Location: Halton Region, Halton Hills N 43 38.742 W 079 55.643
At the entrance to the Georgetown fairgrounds, on Park Avenue, west of Charles Street.
These gates and the entrance to the town park and farigrounds have been dedicated to The Lorne Scots Regiment on their 145 anniversary of service to the area.
LORNE SCOTS WAY
Dedicated October 24, 2011
IN HONOUR OF
THE 145TH ANNIVERSARY
OF THE LORNE SCOTS
(Peel, Dufferin, and Halton Regiment)
by Mayor Rick Bonette
and Members of Town Council
This history is taken from their website: http://www.lornescots.ca/army/history.htm
A Proud Past
On 14 September 1866 the 36th Peel Battalion was authorized and on 28 September the 20th Halton Battalion of Infantry was formed. These two regiments, some 70 years later, were to be reorganized to form The Lorne Scots (Peel, Dufferin and Halton Regiment). The first Scottish connection was made on 27 September 1879 when the Halton Rifles were reviewed by His Excellency The Marquis of Lorne and permission was received in 1881 to redesignate the 20th Halton Rifles as the 20th Halton Battalion Lorne Rifles. In addition, the wearing of tartan trews and the diced Glengarry were authorized and a Pipe Band was formed.
During the Boer War the regiment, as a unit, did not go to war; however, many officers and men from both regiments served there. During the First World War, regiments as such were not mobilized but drafts from various units were called up and formed into numbered battalions.
The 36th Peel Battalion and the 20th Halton Rifles provided 16 officers and 404 other ranks to the 4th Battalion of the 1st Canadian Division. Subsequently many more men from the two regiments were allotted to the 20th, 36th, 58th, 74th, 76th and 81st Battalions. The 126th, 164th and 234th Battalions were raised exclusively in Peel, Dufferin and Halton Counties. After the war, the 36th Peel Regiment was reorganized becoming the Peel and Dufferin Regiment in 1923. The regimental badge adopted was the Demi Lion which was the personal crest of Sir Robert Peel.
The Halton Rifles was reorganized as the Lorne Rifles (Scottish) in 1931 and permission was received from His Grace the Duke of Argyll, the senior Duke of Scotland, to use his personal crest , the Boar's Head and his personal tartan, the Ordinary Campbell. On 15 December 1936, following a general reorganization of the Militia, the Lorne Rifles and the Peel and Dufferin Regiment were amalgamated to form the present regiment, The Lorne Scots (Peel, Dufferin and Halton Regiment).
The Lorne Scots was one of the first units in Canada to be mobilized in 1939, proceeding overseas in January 1940. It was organized into defence companies and platoons at Brigade, Division, Corps and Army Headquarters and served in every theatre of war in which Canadian soldiers fought except Hong Kong. They were in France with elements of the 1st Division early in 1940. A platoon of the Lornes served with The Queen's Own Rifles of Canada at the capture of Boulogne where over 50 percent of the platoon was killed or wounded. Elements of the platoon with 6 Brigade took part in the raid on Dieppe in August 1942 and the platoon landed with 6 Brigade on the beaches of Sicily on 13 July 1943.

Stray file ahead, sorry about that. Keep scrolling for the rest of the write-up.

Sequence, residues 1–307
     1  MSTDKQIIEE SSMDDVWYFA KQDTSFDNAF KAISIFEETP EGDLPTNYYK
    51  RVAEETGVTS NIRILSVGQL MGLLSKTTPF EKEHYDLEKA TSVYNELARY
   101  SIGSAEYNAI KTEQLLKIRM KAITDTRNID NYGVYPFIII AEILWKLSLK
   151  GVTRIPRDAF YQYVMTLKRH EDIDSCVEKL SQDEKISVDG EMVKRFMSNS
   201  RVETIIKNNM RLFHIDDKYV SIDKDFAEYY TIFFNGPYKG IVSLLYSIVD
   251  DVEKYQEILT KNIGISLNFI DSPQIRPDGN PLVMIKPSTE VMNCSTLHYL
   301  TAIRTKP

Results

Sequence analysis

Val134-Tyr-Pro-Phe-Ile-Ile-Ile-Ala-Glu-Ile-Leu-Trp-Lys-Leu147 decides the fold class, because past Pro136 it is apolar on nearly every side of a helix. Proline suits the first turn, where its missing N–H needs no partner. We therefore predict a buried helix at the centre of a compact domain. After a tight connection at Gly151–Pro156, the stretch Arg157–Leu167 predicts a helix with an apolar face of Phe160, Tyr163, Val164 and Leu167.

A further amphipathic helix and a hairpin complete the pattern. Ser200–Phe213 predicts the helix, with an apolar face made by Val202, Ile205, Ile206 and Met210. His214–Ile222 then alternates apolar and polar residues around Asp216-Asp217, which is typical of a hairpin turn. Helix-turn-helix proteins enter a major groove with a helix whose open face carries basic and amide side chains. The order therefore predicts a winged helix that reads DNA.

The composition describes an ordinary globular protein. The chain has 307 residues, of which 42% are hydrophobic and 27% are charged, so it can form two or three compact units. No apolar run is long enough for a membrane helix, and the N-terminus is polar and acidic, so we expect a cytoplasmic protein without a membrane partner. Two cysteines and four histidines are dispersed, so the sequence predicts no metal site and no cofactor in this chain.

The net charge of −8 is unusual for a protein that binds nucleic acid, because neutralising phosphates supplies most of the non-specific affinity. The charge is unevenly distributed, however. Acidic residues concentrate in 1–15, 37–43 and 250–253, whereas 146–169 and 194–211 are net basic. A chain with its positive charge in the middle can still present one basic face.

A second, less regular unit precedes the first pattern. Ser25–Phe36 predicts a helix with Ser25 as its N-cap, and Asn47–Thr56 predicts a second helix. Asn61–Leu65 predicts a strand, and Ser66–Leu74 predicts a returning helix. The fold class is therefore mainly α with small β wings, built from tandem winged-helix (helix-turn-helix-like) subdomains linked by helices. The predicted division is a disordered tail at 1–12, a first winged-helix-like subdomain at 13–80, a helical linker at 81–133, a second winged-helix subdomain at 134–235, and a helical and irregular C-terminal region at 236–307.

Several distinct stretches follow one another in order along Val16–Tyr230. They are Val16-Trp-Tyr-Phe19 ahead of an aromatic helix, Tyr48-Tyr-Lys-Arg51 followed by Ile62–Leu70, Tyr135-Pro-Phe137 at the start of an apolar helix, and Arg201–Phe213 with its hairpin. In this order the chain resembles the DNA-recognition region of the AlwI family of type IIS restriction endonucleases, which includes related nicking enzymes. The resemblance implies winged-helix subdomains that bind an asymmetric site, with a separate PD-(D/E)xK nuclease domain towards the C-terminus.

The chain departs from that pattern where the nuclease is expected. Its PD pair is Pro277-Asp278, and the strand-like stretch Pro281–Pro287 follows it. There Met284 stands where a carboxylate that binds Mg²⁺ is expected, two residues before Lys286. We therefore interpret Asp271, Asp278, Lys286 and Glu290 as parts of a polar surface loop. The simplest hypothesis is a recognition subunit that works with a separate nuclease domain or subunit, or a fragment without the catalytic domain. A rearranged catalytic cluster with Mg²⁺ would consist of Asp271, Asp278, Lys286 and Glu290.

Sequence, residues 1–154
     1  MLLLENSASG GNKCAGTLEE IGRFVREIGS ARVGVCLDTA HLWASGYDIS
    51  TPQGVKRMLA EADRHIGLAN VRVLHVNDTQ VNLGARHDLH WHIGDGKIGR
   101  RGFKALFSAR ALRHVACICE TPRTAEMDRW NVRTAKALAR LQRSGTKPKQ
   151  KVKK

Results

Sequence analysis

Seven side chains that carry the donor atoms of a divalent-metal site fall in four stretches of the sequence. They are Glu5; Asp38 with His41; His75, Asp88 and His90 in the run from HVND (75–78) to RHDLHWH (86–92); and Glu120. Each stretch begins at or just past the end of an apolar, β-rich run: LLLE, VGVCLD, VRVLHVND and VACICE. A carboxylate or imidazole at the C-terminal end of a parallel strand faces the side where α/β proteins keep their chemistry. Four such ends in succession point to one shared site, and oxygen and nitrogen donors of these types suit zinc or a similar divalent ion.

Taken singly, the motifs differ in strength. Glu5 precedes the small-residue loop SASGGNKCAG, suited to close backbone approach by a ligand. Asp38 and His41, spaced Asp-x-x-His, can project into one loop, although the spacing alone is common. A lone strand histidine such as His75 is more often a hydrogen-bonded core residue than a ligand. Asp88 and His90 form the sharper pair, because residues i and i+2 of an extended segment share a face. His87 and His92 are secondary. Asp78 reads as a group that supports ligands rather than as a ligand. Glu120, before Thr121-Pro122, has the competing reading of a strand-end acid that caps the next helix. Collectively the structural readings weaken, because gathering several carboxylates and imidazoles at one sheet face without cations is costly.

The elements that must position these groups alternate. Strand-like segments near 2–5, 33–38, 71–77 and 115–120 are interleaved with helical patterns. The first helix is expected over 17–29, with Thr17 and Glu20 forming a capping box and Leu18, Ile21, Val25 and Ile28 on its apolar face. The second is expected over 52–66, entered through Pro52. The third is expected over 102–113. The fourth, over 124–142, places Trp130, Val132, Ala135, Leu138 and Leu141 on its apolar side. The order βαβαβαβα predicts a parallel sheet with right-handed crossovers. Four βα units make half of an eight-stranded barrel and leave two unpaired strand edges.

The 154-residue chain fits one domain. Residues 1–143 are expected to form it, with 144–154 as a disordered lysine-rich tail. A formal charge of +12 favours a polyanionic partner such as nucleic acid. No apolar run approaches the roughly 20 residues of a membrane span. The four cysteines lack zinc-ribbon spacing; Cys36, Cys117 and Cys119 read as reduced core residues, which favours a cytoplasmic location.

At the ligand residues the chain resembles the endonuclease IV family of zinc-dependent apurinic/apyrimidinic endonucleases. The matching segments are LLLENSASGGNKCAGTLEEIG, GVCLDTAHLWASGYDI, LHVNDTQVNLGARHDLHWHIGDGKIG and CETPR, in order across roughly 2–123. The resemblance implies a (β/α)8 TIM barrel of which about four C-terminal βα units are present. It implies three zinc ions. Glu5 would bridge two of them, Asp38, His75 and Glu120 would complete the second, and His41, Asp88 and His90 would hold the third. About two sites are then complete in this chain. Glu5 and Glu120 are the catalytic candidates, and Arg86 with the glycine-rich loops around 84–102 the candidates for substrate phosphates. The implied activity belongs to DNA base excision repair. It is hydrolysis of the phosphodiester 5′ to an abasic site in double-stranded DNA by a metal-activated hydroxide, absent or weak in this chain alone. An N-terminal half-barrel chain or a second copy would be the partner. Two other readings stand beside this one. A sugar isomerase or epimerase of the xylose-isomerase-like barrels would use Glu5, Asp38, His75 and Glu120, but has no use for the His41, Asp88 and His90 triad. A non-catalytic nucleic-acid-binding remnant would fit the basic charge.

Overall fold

Since the war, the regiment has been well represented at all military functions and in 1955 had the largest attendance at summer camp of any infantry regiment in Canada. In autumn of 1963, the regiment was presented with its colours by the Lieutenant-Governor of Ontario, The Honourable W. Earl Rowe, in a ceremony at Caledon. This was followed by an upsurge of interest and prowess in marksmanship in the unit which immediately began to dominate competition shooting at all levels from local to national. This domination has continued to the present time with the unit being represented at various world Championships, Olympics, Pan-American Games and the Bisley Competition in England.
In the 1960s, the Lancashire Fusiliers, the allied regiment in England since 9 May 1929, suffered amalgamation and in the process bestowed its revered primrose hackle on the Lorne Scots for custodianship. It is now worn proudly on the headdress of all Lorne Scots infantry personnel. With the coming of the 1970s, the role of the Militia expanded, resulting in some Lorne Scots members serving in Germany.
The Regiment is first ever Colonel-in-Chief, Field Marshall His Royal Highness The Duke of Kent visited the Regiment in 1979 and 1983 and presented the unit with a new Regimental and Queen's colour on 14 September 1991 in Brampton on the occasion of the regiment's 125th birthday.
The Regiment has also provided troops to many of the United Nations Peacekeeping Forces that Canada has contributed to. These include Cyprus, Cambodia, Namibia and, most recently, the Former Republic of Yugoslavia. A number of troops recently participated in the clean up of activities during the Ice Storm of 98 in Eastern Ontario.
- YPRES, 1915, 1917
- HILL 70
- Festubert, 1915
- MOUNT SORREL
- HINDENBURG LINE
- SOMME, 1916
- PURSUIT TO MONS
- ARRAS, 1917, 1918
- SICILY, 1943
- NORTH-WEST EUROPE, 1944-1945
- ITALY, 1943-45
World War I
World War II
Order of Precedence: 14
The Regiment remains true to its motto:
For Our Heritage
For Our Heritage